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    What will happen if I use some text coming from wikipedia? Recently,I had such situation. I just wanted to use real facts and data but person who ordered that text considered this a bad thing.
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    Originally Posted by femdom
    What will happen if I use some text coming from wikipedia? Recently,I had such situation.
    If you use content from others, just like I just quoted you, notice it says "Originally Posted by femdom". I am giving you credit for it. I am not saying it is my content.

    You can do the same.. quoting content from other sites is quite the natural thing to do, but give the credit to the original author. Provide a link to them, if you like the content a lot, make it a do follow link, if not, just make it a no follow link. You are still giving credit to the author.

    Am I making sense to you ???

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    • Will-O-The-Wisp agrees : Yeah, as long as you give credit it should be fine. Put it in quotes and all that - like a newspaper would do.
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    Yes, I see. Couldn't place the outgoing link because customer didn't want that. But anyway, thanks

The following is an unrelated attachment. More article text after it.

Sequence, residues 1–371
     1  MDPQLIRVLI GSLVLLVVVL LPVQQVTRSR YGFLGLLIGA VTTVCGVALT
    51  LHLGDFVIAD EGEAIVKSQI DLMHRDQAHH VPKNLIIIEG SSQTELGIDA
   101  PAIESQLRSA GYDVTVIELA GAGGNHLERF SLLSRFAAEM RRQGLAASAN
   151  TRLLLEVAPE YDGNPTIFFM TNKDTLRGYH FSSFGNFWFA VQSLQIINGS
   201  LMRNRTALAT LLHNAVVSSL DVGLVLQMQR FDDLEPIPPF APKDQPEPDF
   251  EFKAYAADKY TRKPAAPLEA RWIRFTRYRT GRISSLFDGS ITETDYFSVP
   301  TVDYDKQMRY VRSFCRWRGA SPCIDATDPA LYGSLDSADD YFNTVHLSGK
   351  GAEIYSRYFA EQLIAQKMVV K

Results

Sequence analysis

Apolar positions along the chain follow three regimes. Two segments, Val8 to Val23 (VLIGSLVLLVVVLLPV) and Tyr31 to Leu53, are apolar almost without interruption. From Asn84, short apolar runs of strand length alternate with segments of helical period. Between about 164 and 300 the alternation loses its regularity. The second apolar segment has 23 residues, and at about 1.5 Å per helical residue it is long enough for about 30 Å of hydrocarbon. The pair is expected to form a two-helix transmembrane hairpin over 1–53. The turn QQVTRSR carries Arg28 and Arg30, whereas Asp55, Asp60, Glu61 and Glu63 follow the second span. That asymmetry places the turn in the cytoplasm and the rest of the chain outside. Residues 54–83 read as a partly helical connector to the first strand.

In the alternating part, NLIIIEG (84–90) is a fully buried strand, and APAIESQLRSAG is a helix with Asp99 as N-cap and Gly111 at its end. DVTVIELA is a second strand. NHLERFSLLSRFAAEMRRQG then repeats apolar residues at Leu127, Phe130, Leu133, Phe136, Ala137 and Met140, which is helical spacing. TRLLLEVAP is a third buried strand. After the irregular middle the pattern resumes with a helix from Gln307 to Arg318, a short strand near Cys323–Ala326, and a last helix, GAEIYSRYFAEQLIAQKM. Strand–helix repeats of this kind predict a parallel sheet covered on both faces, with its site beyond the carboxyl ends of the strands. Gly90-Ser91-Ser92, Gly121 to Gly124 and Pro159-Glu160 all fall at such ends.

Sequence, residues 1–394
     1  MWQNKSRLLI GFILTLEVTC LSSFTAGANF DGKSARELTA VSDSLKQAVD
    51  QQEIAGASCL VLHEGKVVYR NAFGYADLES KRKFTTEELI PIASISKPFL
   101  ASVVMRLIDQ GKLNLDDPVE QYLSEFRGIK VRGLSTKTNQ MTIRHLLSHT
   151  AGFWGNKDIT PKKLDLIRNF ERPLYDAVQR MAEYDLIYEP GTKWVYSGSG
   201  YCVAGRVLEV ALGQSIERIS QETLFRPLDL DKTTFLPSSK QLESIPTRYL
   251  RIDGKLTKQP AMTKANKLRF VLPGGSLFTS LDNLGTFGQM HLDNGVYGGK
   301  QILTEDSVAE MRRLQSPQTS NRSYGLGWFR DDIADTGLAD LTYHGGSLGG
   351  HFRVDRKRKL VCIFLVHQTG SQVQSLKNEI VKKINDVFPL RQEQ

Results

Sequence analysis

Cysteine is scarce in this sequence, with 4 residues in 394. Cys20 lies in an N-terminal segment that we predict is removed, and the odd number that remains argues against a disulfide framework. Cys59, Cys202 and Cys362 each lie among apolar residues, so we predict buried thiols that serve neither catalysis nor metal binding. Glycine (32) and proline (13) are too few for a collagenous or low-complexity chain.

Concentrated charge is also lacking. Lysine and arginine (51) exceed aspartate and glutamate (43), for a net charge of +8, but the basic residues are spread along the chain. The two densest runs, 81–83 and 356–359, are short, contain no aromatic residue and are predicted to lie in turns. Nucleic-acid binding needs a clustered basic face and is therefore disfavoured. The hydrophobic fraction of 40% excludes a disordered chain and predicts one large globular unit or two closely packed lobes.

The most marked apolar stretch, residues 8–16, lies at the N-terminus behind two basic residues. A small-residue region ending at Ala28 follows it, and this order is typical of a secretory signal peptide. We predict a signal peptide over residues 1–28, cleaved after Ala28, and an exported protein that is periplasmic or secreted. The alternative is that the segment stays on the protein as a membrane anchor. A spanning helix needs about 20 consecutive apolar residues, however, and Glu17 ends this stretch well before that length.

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    I hope you don't mind, but I've moved this discussion to its own thread - I think the topic is unique enough from the original thread. I made a new title for it as well - if you want me to change that I can, just send me a PM.

    Anyway - sorry if I came across as frustrated earlier. I didn't understand the context of your question and reacted too hastily. Is there anything else about why you're asking this question that we should know to help you more - any more context you can give us?

    I am curious, why was the client upset that a small quote from Wikipedia was used? If it was in quotes and Wikipedia was referenced, then that's definitely not stealing. People quote Wikipedia all the time, as long as it's attributed I'd think it would be fine. As you've described it, it sounds a little like your client overreacted. Then again, "the customer is always right," so I guess there's not much one can do in such a situation
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    I guess it was my mistake. I didn't do a quote. It was about some building and I've just copy pasted historical facts. I guess he runs a text through a copyscape and found it. I wasn't aware that this is wrong.
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    If it's not attributed to the original source, then it's wrong yes. If you take, word for word, any content from anywhere it needs to be in quotes and attributed. Sometimes linked to as well, depending on the situation, as KnowOneSpecial mentioned above.
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    OK, I guess we learn something with every new day. But this seemed logical when I think better